Value of Irish household savings surpasses GDP of Latvia

Value of Irish household savings surpasses GDP of Latvia

Irish households saved twice as much in 2020 compared to the previous year according to new figures from the Central Statistics Office (CSO), totalling a massive €28 billion, roughly equivalent to the Gross Domestic Product (GDP) of Latvia.

According to the International Monetary Fund's 2020 estimates, Latvia's GDP amounted to $33 billion (€28 billion) last year, while Ireland's level of household savings also surpassed the GDPs of countries such as Estonia, Iceland and Cyprus.

The €28 billion figure would also be enough to cover the median disposable annual income (€43,552) for 642,909 households, based on the CSO's 2019 figures.

The increase in the amount of money saved was down to a large percentage increase in the level of disposable income being put away which almost doubled during the year, jumping from 12 per cent to 23 per cent.

The CSO notes this increase in savings has largely been dictated by decreased spending opportunities for consumers due to Covid-19 restrictions, but also due to 'precautionary savings' as households anticipated a possible tightening of finances in the future.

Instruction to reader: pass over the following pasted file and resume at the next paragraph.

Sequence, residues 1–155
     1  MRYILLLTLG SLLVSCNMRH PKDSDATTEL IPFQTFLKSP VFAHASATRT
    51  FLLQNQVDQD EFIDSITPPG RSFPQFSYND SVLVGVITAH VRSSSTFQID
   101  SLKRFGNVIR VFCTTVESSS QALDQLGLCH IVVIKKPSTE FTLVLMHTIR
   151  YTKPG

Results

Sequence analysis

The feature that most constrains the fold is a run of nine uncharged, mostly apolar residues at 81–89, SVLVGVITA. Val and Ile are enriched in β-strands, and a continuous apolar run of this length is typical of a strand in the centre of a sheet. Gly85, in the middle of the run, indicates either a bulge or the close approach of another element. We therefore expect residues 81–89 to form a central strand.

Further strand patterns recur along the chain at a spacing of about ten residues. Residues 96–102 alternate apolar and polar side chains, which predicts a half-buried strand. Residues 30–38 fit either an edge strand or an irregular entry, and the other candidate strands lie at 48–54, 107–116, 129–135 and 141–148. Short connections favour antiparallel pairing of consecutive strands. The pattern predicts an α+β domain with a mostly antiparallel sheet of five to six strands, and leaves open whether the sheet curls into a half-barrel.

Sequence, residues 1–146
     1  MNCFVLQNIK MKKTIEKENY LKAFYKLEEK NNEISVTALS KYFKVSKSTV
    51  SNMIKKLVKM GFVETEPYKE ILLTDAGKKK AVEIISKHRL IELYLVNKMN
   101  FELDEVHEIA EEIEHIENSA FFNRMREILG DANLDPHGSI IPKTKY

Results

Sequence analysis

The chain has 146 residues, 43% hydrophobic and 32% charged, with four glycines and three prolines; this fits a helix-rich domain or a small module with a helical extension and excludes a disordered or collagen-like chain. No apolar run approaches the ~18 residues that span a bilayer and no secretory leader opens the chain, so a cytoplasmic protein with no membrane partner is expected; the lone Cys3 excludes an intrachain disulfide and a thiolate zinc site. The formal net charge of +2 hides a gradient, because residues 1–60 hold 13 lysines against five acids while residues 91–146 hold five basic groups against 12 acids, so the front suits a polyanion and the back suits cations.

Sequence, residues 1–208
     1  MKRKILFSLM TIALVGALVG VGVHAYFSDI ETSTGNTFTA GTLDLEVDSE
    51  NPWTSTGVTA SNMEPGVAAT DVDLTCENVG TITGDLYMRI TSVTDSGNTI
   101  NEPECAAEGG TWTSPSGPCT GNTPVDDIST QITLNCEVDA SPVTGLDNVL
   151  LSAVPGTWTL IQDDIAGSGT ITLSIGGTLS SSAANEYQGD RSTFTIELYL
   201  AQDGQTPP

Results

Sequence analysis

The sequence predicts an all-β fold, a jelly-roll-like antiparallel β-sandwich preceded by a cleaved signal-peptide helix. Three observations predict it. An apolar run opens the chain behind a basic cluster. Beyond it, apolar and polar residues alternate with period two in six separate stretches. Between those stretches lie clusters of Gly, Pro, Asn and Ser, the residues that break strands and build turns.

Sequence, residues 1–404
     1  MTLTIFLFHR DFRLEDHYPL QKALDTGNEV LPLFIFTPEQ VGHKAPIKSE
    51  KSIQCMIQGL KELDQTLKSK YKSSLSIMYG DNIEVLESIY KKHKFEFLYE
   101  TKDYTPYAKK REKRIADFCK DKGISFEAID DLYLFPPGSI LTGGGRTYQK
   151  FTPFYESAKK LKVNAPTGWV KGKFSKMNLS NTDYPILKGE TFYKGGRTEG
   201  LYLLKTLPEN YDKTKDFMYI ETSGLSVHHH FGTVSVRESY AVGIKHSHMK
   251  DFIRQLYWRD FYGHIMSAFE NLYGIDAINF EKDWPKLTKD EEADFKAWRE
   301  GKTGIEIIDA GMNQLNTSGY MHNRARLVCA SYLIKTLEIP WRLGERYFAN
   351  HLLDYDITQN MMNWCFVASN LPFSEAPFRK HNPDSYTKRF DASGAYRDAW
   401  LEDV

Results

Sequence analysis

An infographic showing the movement of finances within the economy. Image: Central Statistics Office.

Despite an increase in unemployment rates, the gross disposable income for households also rose slightly in 2020.

The introduction of support payments from the Government, such as the Pandemic Unemployment Payment (PUP) and Employment Wage Subsidy Scheme (EWSS), was a factor in this regard, coupled with the higher median income of those who were able to continue working throughout the pandemic.

The CSO data shows the largest portion of the €28 billion saved by households last year went to savings accounts, while the additional funds also went to pension funds, and repaying mortgages and other loans.

Overall, the economy grew in 2020, predominantly due to the higher gross value added by non-financial corporations, with manufacturing, or information and communication corporations accounting for much of the increase.

The CSO figures also show the Government's borrowings reached their highest levels since 2011.

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